Race for Idaho schools chief puts focus on role of office
Businessman Luna faces longtime educator Olson
BOISE – The first non-educator to head Idaho’s public school system is running for re-election, and he’s being challenged by one of the state’s most respected educators: the just-retired superintendent of the Boise School District, the state’s second-largest district.
The race between state Superintendent of Schools Tom Luna, a Republican businessman, and Stan Olson, the Democratic challenger who calls himself “apolitical,” is raising issues about what Idaho’s schools really need, from politics to professionalism. And it’s coming at a time when schools are struggling with huge and unprecedented spending cuts.
“I think it’s easier to lead educators when you are one,” said Steve Casey, the retired Coeur d’Alene High School principal who ran unsuccessfully for state superintendent as a Republican four years ago and now works for North Idaho College. But he said of Luna, “I think he’s done a good job given the environment that we’re in. … I think this is going to be a good opportunity for two quality candidates to deal with the issues, and I think that’s good for our state.”
Jerry Evans, former longtime GOP state superintendent of schools, strongly believes the position should be filled by an educator.
“We’ve been struggling with a strong and consistent voice for education, a place where you can go and find out what the needs of our schools are and have some confidence that it’s based on some reality,” he said. He hasn’t endorsed in the current race; he said he tries to steer clear of politics.
Luna, a college dropout who spent 25 years working for a weights and measures business – and obtained a bachelor’s degree, the minimum requirement for the superintendent job, online just before he first ran for the post – said, “My goal is to improve education so that every child benefits, and run it so that it’s responsive to the customers of education.”
Based on his background in measurement science, he’s focused on measuring and improving student achievement and says the numbers show it has worked. For example, the percentage of Idaho schools making “adequate yearly progress” under the federal No Child Left Behind law has more than doubled, an improvement other states are viewing with envy.
Olson says the AYP standard is “based on a false premise.” He said, “By 2014, every child in the country has to be proficient in language arts and mathematics; even if your IQ is 6, you have to be proficient. I want to tell you: It ain’t gonna happen.”
Proficiency has been defined as between the 15th and 23rd percentile on the Idaho Standards Achievement Test, Olson said, which he called nothing to “ballyhoo … as a significant achievement.”
He points instead to disparities between large school districts in the state and small ones, which struggle with funding uncertainty from year to year that forces stops and starts in their programs. “We don’t do very well as a state,” he said. “It has nothing to do with the intelligence of children or the abilities of teachers – it has to do with a plan and a focus and getting kids ready for not just low-bar standards, but high-bar standards.”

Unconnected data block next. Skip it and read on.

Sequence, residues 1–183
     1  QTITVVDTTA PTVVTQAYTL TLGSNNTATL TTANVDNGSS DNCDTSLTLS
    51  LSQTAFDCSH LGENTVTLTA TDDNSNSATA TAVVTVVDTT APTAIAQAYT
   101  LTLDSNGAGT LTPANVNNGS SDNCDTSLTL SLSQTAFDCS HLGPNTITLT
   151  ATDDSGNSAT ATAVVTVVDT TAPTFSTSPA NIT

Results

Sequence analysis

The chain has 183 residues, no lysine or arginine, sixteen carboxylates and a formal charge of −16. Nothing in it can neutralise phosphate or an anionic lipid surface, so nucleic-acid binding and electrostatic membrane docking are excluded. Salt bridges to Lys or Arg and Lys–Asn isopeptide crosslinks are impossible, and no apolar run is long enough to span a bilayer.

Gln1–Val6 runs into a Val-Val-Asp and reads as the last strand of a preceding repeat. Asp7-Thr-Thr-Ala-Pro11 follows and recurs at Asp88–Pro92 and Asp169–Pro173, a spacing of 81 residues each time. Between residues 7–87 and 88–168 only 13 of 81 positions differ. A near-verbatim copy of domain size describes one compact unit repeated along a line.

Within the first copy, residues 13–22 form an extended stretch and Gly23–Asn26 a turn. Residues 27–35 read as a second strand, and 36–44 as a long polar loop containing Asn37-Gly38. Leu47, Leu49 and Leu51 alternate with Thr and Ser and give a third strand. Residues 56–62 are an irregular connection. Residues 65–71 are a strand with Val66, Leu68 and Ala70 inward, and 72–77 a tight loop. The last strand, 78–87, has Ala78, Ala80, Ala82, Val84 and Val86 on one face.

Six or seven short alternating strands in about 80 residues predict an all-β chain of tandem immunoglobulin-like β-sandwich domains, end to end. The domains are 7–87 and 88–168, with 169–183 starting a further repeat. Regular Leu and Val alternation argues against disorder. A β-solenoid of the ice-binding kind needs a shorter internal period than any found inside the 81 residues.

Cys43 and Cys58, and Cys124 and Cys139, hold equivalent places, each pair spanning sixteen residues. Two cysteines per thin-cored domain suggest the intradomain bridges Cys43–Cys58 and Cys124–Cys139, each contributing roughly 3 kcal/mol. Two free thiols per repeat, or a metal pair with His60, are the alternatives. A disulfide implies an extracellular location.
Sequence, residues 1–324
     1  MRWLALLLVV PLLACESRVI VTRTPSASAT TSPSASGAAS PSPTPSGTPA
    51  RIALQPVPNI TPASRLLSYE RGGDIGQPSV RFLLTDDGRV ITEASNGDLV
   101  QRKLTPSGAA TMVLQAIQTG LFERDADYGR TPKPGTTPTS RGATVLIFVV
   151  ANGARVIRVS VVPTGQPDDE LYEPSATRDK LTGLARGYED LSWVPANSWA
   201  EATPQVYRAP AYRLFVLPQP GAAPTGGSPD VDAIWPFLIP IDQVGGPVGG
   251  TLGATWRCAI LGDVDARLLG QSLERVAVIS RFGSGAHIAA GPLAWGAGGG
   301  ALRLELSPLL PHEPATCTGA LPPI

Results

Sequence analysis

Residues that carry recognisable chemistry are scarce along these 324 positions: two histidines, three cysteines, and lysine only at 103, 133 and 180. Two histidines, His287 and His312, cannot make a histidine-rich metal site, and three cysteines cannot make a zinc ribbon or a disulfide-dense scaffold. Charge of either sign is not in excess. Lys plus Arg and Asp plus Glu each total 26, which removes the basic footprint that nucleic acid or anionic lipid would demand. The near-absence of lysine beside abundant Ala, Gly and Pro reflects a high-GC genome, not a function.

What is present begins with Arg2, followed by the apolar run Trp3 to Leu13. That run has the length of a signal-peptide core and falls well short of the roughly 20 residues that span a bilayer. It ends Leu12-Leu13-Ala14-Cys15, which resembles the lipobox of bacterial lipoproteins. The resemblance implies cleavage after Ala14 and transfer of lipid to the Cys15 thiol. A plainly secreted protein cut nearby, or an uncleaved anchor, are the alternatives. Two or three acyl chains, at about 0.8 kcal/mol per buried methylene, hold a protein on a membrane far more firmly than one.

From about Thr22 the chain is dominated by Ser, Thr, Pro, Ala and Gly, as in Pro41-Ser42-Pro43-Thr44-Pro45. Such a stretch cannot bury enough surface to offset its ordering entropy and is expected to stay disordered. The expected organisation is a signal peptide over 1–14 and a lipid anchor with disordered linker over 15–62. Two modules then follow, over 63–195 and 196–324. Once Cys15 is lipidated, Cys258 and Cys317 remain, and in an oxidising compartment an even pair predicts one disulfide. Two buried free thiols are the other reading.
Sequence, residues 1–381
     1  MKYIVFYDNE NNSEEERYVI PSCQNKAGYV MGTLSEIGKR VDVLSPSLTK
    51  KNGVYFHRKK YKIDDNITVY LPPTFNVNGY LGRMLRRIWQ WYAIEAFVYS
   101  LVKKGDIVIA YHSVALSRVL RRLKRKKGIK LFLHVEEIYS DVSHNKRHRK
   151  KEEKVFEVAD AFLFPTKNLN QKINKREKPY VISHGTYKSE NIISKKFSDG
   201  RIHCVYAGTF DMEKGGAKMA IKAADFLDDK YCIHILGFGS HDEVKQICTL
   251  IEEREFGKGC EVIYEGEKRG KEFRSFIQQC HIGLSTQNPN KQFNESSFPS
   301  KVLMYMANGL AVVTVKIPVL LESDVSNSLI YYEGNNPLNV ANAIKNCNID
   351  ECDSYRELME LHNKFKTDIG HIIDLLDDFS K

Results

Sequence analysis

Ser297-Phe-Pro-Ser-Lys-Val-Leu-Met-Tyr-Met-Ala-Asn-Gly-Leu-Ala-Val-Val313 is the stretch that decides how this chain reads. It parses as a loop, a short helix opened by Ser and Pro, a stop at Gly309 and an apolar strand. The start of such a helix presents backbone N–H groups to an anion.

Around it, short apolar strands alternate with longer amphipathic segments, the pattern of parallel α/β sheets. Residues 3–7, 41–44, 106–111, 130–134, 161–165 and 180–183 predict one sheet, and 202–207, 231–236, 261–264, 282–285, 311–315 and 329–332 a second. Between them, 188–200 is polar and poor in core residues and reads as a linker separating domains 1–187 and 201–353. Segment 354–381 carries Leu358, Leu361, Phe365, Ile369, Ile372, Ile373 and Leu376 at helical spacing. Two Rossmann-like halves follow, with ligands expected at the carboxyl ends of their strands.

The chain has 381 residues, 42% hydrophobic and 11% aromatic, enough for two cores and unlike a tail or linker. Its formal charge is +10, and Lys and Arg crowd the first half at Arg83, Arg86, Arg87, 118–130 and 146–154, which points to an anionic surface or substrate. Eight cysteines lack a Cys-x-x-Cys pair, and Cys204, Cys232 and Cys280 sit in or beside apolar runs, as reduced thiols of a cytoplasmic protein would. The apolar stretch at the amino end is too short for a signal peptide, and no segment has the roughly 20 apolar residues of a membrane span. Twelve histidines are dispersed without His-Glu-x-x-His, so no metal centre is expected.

Luna says he’s kept his top campaign promises: Establish a “longitudinal data system” to track student achievement, a multimillion-dollar project that’s now being phased in; launch a math initiative, which has included running 5,000 Idaho teachers through an innovative one-time training class and adding a computerized math practice program to every classroom; his “classroom enhancement package,” which lawmakers funded before the current downturn to pay for such items as textbooks and teachers’ supplies; and addressing the “technology gap in our rural communities” through the Idaho Education Network, a multimillion-dollar statewide broadband system that’s in its early stages and already has linked 80 Idaho high schools.
Olson decries those as “silver bullets” rather than systemic reforms, and says there’s been no strategic plan for improving Idaho’s schools for the past four years. As proof, he points to Luna’s recent move to drop a new high school science test; science graduation requirements were increased five years ago, he said, with the idea of schools being ready for the test this year, but Luna did nothing to get schools ready.
“It has been very, very evident that we have had no leadership of the field,” said Olson. “Our field has been focused primarily on political ideology rather than educational leadership.”
Luna disagrees, saying the science test simply wasn’t a good measure of achievement. He said he’ll submit a budget proposal to lawmakers this year to increase funding for science education to try to help schools meet the new graduation requirement. Luna has been a strong supporter of charter schools and performance pay for teachers and has prominently endorsed various Republican political candidates. That prompted Olson to say the superintendent’s position “has been politicized beyond belief in the last four years.”
Olson, however, is running as a Democrat, though he says he’s nonpartisan. Of his politics, he said, “I have supported the people who have been able to really deliver the goods.”